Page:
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Abscesses in Dogs

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What is an abscess?

An abscess is a pocket of pus often formed just under the skin but can also occur within the body. There are many types of abscesses a dog can suffer.  Abscesses can be small or large, superficial or potentially dangerous.   All abscesses carry a serious health risk if left untreated and so should be examined by a vet as soon as possible.

What are the symptoms of an abscess?

Surface abscesses will appear under the skin as a painful swelling which is either firm or jelly-like to touch. Other symptoms to look out for are:-

  • Inflammation at the site of the lump
  • Heat omitting from the area
  • Licking or chewing the abscess site
  • Hair loss around the site
  • Weeping or bleeding from the site
  • Loss of appetite
  • Lethargy
  • Fever

Internal abscesses are much more difficult to detect and treat as your dog may not show any outward signs. A dog with an anal sac abscess may scoot their bottom along the floor.  Symptoms such as coughing and wheezing may indicate the presence of a lung (pulmonary) abscess.

What are the causes of abscesses?

Abscesses form in response to bacteria. Abscesses which form under the skin usually result from an injury such as a scratch, bite or ingrowing hair, which has become infected by the bacteria, Pasteurella multocida or Staphylococcus intermedius. Canine abscesses can also occur at a tooth root following tooth damage, in the ear, sinus, liver (following a blood infection), pancreas, lungs or the brain (following a mouth infection).

What puts a dog at risk of developing an abscess?

Any pet that is more likely to incur an injury is at a greater risk of developing an infection and an abscess.  Outdoor dogs have more of an opportunity to encounter dirty, sharp objects which they can chew on, cutting their mouths. Particularly during the spring and summer months your pet is at risk of swallowing or inhaling grass seeds and plant matter while out walking.  This plant matter can lodge in lung tissue causing an infection.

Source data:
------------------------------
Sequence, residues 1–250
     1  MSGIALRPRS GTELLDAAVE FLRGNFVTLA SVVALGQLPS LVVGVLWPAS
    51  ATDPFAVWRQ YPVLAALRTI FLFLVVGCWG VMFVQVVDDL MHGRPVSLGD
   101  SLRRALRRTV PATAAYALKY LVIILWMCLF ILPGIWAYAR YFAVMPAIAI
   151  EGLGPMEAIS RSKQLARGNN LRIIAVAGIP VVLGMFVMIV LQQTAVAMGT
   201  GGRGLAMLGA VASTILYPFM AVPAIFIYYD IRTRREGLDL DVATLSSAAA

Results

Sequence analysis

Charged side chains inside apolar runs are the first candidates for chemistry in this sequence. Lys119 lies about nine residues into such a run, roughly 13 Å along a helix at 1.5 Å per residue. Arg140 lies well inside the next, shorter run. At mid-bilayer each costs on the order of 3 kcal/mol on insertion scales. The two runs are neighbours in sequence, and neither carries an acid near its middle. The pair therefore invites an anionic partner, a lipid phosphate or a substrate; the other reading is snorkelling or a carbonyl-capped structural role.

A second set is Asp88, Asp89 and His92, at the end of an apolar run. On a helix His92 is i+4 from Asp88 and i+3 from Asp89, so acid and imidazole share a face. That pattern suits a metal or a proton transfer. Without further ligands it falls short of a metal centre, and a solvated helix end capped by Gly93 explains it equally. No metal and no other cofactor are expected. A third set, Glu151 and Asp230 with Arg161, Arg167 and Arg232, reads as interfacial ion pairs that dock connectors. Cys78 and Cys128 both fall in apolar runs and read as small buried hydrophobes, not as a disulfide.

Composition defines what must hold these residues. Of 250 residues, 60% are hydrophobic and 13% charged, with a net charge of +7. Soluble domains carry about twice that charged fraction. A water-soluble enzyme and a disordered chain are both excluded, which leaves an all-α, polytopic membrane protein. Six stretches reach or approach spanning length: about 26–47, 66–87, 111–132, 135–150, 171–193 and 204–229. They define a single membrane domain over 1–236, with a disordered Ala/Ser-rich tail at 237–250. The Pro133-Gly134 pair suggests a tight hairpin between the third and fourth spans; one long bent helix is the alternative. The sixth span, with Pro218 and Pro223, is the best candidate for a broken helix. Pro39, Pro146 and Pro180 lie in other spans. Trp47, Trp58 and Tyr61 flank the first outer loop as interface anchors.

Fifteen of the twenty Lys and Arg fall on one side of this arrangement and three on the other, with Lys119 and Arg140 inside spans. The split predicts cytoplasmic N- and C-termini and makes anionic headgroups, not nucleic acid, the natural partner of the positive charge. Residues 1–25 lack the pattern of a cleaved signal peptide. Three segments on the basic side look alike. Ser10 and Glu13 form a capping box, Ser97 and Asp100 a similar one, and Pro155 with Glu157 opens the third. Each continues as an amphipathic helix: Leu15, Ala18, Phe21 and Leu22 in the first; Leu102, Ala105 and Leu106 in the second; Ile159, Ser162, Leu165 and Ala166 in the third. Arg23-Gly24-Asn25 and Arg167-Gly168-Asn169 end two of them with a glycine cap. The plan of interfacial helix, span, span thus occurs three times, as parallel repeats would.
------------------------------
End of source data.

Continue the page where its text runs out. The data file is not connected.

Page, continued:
Dogs who have not been neutered or spade are more likely to get into fights with other dogs and suffer bite wounds.

Certain breeds of dog such as Labradors and English Bulldogs, which have short stiff coat hair, have a greater chance of developing abscesses. Hair can be pushed back into the hair follicle and become infected, causing abscesses between the toes.


Your vet will take a swab of the infected area to determine which strain of bacteria is present.  A blood test will also be done to establish whether the infection is present in the blood. Internal abscesses are far more difficult to diagnose and will require more advanced methods of diagnosis such as detailed blood tests, urinalysis, x-rays, ultrasound or surgical biopsies.

What treatment can be given?

Most surface abscesses can be easily treated by being lanced, drained and cleaned. This procedure will, however, require either local or general anaesthesia.  Due to the infection, your dog will be given a course of antibiotics and possibly pain relief and anti-inflammatory drugs to take home. Your vet will want to see your dog for a couple of follow-up appointments to check that the area is healing properly.

For an internal abscess, more invasive treatment will be required.  If your pet has a tooth abscess the tooth will need to be removed, or root canal treatment performed, to drain and remove the abscess. Surgery is also likely to be required to treat lung, live and pancreatic abscesses and abscessed anal sacs.

If the abscess ruptures and the infection spreads into the blood stream your dog will quickly develop sepsis. The rupture of an internal abscesses can lead to peritonitis.  Both infections are extremely serious and can be life threatening. Your pet will require urgent hospitalisation where they will receive intravenous antibiotics, fluids and supportive care.

How to prevent abscesses

To avoid your dog from developing an abscess, check them daily for any wounds and if you notice anything, contact your vet who can advise how to treat it and whether an appointment is necessary. If the injury is only superficial, you are likely to be advised to use an over-the-counter, pet formulated anti-bacterial cream to help prevent infection.

If your vet prescribes antibiotics, be sure to complete the course to prevent any infection from returning.

If your dog has bouts of snorting or sneezing, especially during spring and summer walks, check their eyes, mouth and nose for plant matter which can become lodged in soft tissue and may have progressed to the lungs. Any concerns, take him to the vet to be checked over.

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